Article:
Making History: The First Female Governor of New York

Richard Zhang, Managing Editor of Digital


On August 28th, 2021, history was made as Kathy Hochul took the oath of office and stepped into her role as the 57th and first female governor of New York. Hochul takes leadership of the state in unprecedented times, as it struggles to recover from both the pandemic and Hurricane Ida. She is a Democrat hailing from a blue-collar Irish family in upstate Buffalo, New York, and has taken a long road to get to where she is now. 

   Hochul started off in politics as a young attorney and aide to Senator Daniel Patrick Monyhan, and then worked for fourteen years as a member of her town board, before being appointed Erie county clerk in 2007. Her big breakthrough was in 2011, where, in a special election in a mostly Republican district in New York, Hochul was elected to the House of Representatives. Her win was viewed across the country as a referendum to then House Budget Committee leader Paul Ryan’s stance to bankrupt Social Security and Medicare. As a result of her strong stances in congress, now-former governor Andrew Cuomo picked her to be his running mate in the governor’s election in 2014, where they both eventually won as Hochul was named the lieutenant governor of New York. She was re-elected in 2018 and was named governor after the resignation of Cuomo.

   So far, Hochul has promised to communicate effectively with the public and her staff, and be transparent, unlike her predecessor. She has already released the true facts and figures of the number of deaths in nursing homes in New York, which is something that Cuomo had tried to hide from the public. Additionally, she has promised that anyone who applies for aid will be barred from eviction for another year. In addition to this, she has already appointed multiple women to her staff and hopes to set an example for young women, as she said in a recent interview with CBS, “I want every young woman… to realize that this is a place where they have a role. We need their voices. We need that diversity. We’re getting there. We’re making progress on more elected women. But I want by the end of my administration, for every woman to say there are no barriers… We’re looking forward to making sure that my reputation and the reputation of my administration is one that is completely ethical.”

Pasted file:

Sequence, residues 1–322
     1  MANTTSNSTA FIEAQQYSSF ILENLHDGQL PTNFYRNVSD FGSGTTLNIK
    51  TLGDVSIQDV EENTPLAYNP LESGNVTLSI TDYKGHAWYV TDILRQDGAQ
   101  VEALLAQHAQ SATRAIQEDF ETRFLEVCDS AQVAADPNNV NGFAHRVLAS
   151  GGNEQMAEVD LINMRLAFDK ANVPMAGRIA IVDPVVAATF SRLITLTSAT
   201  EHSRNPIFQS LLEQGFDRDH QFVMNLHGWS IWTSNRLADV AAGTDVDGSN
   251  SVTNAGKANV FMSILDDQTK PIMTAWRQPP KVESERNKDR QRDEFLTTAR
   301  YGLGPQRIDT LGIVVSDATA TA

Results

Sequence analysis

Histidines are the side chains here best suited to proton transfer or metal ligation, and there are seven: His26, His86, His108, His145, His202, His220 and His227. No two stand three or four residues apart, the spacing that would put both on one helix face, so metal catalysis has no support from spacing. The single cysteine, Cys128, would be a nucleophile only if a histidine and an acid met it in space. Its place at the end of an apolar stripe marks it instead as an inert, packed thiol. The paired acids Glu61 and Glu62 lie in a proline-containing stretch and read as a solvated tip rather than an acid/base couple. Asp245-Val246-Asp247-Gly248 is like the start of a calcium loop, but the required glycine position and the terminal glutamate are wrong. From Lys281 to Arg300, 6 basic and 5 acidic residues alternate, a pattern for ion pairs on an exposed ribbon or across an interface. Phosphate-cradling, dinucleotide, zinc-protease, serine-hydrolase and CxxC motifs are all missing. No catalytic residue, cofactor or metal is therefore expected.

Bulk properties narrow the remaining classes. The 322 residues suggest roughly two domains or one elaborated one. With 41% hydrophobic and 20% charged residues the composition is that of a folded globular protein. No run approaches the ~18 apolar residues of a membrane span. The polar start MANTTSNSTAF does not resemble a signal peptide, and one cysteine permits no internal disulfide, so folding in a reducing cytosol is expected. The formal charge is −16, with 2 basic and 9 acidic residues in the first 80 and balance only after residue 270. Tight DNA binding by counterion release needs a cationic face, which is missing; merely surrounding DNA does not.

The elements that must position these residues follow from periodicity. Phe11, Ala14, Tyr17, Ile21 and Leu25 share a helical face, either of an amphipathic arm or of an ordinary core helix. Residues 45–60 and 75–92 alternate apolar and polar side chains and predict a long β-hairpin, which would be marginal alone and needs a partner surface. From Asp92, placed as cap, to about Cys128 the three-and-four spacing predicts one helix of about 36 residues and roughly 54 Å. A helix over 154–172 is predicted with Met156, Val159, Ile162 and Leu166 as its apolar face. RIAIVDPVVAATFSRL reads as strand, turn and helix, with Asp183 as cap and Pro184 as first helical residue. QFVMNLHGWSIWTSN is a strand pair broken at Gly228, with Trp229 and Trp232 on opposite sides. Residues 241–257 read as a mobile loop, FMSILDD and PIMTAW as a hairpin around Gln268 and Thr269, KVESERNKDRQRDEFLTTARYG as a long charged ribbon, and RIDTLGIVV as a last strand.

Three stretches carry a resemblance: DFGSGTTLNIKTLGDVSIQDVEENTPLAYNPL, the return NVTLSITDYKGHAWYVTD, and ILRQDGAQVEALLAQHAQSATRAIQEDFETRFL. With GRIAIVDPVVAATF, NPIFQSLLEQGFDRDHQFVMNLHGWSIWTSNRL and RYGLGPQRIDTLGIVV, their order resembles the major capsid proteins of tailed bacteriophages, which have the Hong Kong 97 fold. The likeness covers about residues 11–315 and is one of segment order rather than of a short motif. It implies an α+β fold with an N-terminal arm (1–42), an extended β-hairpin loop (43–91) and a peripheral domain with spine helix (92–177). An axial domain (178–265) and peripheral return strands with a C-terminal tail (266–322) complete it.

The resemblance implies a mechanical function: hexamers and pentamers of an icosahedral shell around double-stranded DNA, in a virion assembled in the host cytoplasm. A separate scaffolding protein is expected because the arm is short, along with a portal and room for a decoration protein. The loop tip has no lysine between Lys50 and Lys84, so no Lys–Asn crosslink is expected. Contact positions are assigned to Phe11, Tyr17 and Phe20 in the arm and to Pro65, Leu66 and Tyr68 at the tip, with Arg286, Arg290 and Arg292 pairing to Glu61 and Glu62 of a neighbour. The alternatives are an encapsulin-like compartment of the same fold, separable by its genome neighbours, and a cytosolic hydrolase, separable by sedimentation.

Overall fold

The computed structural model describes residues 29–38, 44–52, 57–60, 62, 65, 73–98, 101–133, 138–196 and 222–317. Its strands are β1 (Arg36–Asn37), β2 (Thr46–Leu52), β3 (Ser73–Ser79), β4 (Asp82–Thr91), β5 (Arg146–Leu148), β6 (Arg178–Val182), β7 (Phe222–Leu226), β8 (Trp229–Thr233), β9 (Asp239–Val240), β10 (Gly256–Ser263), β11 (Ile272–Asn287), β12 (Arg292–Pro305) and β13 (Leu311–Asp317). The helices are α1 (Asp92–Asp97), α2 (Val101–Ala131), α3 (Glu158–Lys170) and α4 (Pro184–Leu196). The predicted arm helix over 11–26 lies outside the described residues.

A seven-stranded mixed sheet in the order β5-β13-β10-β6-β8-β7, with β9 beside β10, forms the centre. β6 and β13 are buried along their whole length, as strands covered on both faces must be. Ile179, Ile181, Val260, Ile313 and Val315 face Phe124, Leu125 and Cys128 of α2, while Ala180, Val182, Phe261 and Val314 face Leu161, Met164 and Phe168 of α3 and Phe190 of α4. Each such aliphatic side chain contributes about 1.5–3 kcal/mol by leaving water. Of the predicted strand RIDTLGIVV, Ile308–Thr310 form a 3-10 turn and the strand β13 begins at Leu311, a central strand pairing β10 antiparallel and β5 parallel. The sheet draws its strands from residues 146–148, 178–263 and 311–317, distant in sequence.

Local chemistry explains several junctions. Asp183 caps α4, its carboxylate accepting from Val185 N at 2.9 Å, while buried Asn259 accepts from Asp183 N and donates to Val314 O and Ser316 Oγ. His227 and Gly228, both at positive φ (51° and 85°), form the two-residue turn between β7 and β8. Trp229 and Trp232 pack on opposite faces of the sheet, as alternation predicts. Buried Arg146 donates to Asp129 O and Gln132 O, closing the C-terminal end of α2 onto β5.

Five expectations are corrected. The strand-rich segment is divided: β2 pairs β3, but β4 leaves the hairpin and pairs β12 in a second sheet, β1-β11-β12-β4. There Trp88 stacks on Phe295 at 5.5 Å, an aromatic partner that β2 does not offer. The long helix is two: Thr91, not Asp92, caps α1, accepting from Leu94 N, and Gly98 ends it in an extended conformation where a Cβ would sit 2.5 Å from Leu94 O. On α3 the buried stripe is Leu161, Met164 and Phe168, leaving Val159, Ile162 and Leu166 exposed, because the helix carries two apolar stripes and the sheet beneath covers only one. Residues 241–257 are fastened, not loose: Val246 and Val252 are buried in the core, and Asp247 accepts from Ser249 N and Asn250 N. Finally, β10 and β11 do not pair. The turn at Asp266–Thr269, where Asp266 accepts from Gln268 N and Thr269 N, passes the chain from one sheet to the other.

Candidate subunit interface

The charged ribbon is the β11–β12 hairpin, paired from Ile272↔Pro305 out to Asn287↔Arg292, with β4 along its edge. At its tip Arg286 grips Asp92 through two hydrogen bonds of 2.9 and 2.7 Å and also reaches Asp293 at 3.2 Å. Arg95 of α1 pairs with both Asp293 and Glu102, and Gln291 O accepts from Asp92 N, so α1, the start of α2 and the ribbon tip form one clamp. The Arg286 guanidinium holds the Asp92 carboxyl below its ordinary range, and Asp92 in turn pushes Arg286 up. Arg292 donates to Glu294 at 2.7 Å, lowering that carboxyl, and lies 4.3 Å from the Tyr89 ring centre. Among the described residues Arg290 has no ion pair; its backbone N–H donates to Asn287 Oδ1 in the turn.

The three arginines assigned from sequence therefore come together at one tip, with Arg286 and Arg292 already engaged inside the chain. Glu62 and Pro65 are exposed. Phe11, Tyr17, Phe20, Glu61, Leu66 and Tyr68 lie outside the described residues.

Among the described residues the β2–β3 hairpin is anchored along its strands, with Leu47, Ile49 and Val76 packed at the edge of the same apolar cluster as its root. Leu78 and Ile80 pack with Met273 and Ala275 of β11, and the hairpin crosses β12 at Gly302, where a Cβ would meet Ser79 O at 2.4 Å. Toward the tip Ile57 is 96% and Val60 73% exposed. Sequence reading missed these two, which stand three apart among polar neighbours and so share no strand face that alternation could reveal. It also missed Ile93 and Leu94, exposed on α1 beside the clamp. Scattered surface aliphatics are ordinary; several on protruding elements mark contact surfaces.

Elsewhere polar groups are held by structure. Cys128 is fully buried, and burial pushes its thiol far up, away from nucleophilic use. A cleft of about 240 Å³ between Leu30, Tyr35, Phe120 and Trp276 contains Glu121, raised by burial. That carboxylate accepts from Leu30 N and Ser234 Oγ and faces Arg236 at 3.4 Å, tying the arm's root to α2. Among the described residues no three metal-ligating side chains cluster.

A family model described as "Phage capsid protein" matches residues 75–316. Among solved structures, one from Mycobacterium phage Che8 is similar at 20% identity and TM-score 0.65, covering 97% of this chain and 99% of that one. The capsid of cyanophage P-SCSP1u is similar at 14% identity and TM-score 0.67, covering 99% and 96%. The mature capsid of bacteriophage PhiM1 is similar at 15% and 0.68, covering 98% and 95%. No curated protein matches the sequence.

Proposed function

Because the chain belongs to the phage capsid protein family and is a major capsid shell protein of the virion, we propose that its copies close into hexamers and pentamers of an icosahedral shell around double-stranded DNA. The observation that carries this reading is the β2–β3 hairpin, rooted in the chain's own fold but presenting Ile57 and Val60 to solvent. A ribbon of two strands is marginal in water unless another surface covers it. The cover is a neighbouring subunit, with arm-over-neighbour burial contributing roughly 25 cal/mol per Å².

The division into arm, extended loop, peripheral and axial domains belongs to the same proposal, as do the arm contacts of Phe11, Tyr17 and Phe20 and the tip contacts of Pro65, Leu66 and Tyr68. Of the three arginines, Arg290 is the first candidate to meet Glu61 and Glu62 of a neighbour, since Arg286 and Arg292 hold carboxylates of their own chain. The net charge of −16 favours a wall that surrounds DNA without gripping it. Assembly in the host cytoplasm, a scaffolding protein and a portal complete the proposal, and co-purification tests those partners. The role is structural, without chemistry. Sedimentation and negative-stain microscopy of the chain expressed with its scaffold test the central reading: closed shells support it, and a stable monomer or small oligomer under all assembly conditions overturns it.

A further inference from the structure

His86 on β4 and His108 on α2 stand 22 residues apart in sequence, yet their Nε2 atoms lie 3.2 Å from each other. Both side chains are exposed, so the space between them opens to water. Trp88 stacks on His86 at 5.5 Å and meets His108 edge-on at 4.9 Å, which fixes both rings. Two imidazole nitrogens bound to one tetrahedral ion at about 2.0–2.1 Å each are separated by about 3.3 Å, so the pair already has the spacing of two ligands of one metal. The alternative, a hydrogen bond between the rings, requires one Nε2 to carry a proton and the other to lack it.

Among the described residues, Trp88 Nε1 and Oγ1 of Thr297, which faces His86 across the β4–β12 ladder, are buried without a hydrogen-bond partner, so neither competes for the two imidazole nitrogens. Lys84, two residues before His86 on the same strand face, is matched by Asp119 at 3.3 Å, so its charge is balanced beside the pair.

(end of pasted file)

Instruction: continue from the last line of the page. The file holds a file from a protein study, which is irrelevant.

Hochul, now a former lieutenant governor, has already tapped someone new for the position. She nominated New York state senator Brian Benjamin, who currently represents most of Central Harlem and a few areas around it. Hochul and Benjamin have both promised to bring diversity, experience, and most importantly transparency to the city in its darkest hour. This change of leadership in New York will hopefully help lead to the end of COVID-19, and bring back the city of bright lights that people love.